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    1. Things are changing quickly, Donna. So much so, that it's hard to keep up with it all. Thank you for your kind words. We hope that in sharing, something here will help someone in some small way.

      Fern

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  3. I always enjoy your down to earth, practical, common sense wisdom. One of my fondest memories as a kid was donning a long sleeve shirt, and long pants, sturdy shoes and venturing into a briar patch along with my Grandma and Aunt to pick berries. It was hot and we did a lot of sweating, but those berries sure tasted good. I imagine Gran and Auntie made jam from the berries, but I just remember eating them. 'Sweat Equity' shall we say?

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    1. The berries are very good, Joy, and I actually think the 'sweat equity' makes them taste better. Thank you for sharing.

      Fern

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  4. Good post! (Like always). The "Free Stuff Army" is very prevalent here. People just want everything given to them without any effort from them. The "if you don't work, you don't eat" is one if my favorite bible verses. Rings true.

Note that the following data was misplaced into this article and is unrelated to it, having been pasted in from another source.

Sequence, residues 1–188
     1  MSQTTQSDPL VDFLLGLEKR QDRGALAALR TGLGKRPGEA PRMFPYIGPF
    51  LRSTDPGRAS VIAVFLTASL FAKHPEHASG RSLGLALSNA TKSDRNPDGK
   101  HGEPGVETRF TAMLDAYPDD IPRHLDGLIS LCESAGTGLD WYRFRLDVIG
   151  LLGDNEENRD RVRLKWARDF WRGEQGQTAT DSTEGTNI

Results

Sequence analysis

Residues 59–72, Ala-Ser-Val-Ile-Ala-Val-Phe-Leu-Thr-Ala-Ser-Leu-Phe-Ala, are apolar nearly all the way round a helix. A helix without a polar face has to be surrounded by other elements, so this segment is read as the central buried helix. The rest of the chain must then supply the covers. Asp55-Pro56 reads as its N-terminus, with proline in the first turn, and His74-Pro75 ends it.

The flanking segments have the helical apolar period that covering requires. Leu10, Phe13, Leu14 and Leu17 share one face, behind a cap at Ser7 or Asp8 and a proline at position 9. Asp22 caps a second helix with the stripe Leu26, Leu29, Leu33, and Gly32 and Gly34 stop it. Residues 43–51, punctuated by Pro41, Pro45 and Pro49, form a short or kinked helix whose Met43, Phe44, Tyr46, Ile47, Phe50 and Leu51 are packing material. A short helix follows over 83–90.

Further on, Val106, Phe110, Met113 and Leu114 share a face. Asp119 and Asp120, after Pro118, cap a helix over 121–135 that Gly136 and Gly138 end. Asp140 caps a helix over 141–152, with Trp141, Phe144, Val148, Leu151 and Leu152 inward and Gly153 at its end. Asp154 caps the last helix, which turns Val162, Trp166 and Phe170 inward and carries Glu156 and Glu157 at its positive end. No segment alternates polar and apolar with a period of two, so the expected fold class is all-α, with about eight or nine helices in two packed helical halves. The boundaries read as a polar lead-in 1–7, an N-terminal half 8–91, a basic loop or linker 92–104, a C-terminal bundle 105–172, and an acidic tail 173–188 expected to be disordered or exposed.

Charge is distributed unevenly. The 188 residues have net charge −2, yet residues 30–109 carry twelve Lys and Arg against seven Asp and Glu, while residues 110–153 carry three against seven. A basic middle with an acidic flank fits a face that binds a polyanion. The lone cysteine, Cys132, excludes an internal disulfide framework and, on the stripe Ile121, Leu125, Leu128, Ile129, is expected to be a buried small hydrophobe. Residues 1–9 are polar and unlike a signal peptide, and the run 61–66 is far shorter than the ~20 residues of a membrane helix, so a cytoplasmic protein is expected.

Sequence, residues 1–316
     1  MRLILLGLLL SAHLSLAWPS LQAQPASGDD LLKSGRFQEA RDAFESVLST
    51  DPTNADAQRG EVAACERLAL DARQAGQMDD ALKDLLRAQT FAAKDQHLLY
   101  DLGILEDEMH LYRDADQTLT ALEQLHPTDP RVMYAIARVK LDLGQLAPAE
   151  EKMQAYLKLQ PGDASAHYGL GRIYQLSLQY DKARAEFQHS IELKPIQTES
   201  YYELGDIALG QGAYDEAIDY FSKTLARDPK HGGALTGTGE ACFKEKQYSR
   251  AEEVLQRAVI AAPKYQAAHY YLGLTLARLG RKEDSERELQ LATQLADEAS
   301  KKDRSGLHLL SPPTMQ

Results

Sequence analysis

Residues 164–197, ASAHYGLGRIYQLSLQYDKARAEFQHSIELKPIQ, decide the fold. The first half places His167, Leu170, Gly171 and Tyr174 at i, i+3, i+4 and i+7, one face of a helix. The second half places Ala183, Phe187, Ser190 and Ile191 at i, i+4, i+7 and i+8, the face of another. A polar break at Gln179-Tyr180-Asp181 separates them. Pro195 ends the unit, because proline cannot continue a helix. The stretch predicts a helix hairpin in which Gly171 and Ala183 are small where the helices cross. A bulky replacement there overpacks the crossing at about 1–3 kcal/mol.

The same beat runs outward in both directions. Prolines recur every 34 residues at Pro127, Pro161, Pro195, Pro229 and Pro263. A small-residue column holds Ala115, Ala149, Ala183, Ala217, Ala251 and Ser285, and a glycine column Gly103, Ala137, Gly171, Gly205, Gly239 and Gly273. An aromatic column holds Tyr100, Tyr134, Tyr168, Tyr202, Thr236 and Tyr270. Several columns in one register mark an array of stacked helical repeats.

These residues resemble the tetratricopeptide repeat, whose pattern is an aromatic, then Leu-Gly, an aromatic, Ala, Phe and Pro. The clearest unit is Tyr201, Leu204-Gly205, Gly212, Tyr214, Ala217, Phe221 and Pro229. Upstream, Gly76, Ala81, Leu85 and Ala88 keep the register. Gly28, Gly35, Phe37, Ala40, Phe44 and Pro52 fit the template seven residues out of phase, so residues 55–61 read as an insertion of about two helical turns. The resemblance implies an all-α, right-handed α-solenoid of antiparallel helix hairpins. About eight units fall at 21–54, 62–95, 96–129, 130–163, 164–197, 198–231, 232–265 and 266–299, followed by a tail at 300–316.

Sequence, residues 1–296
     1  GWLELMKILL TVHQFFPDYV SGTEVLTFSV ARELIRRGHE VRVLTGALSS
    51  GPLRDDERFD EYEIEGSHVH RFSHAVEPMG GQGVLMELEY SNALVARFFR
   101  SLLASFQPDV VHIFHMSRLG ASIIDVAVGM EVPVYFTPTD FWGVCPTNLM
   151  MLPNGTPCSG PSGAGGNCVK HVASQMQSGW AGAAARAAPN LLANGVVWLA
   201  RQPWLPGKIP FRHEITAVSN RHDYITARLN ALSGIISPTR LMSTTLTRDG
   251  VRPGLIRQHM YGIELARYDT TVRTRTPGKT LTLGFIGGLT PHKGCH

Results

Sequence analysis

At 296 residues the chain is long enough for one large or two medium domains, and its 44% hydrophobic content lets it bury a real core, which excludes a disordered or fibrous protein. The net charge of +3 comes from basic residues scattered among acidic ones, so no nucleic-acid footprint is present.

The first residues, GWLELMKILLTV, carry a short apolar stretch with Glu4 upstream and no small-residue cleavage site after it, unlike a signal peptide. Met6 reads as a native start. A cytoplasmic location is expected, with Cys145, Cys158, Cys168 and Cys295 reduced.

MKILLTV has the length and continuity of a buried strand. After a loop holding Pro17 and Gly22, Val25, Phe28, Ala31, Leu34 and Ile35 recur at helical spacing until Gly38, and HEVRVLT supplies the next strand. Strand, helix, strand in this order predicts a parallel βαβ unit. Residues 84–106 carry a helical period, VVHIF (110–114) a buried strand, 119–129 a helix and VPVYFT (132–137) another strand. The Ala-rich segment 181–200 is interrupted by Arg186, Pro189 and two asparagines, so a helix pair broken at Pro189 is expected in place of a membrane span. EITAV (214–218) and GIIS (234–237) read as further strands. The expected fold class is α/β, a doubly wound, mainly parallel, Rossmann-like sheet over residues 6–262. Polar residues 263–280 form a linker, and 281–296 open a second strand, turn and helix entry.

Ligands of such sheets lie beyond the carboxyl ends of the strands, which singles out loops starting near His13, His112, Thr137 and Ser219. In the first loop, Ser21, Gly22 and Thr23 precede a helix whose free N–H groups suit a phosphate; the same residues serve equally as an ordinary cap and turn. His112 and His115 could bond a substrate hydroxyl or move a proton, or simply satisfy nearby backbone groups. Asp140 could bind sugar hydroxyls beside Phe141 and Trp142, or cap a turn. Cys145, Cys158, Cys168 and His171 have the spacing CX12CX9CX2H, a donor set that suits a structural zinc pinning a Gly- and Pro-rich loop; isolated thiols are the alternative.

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    1. Thank you, SFG. It concerns me how prevalent the two groups are becoming, the workers and the waiters. The differences in perspectives seems to grow larger everyday. Take care.

      Fern

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  5. When I was growing up, we had a large green bean harvest. My Mother canned and froze all that we needed. There was still lots left on the vines. My Father called up the road to a neighbor and asked him if he would like to have some green beans. He said "Sure". My Father told him to come down and pick all he wanted. He said he wasn't interested. He wanted us to pick them and deliver them. He wasn't going to pick free green beans. They rotted in the field, except for the dried beans we gathered. He wasn't interested in doing the work, we weren't interested in feeding him. No work, no food!

    Ralph

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    1. I fear for those that will not do the work necessary to live, Ralph. The future may bring them a very rude, unfortunate awakening. I can only pray that it will not be a fatal mistake. Thank you for sharing this with us, I appreciate your comment.

      Fern

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    2. They wouldn't even come to pick their own free beans?! Who wouldn't come to pick their own free beans? For pete sakes.

      I was once told that I could go out into a pea field and pick all I wanted before morning - when the field would be harvested. It took a long time (and taught me never, ever to plant BUSH peas. Oh my aching back!) but I ended up with a full grocery bag. WOO-HOO!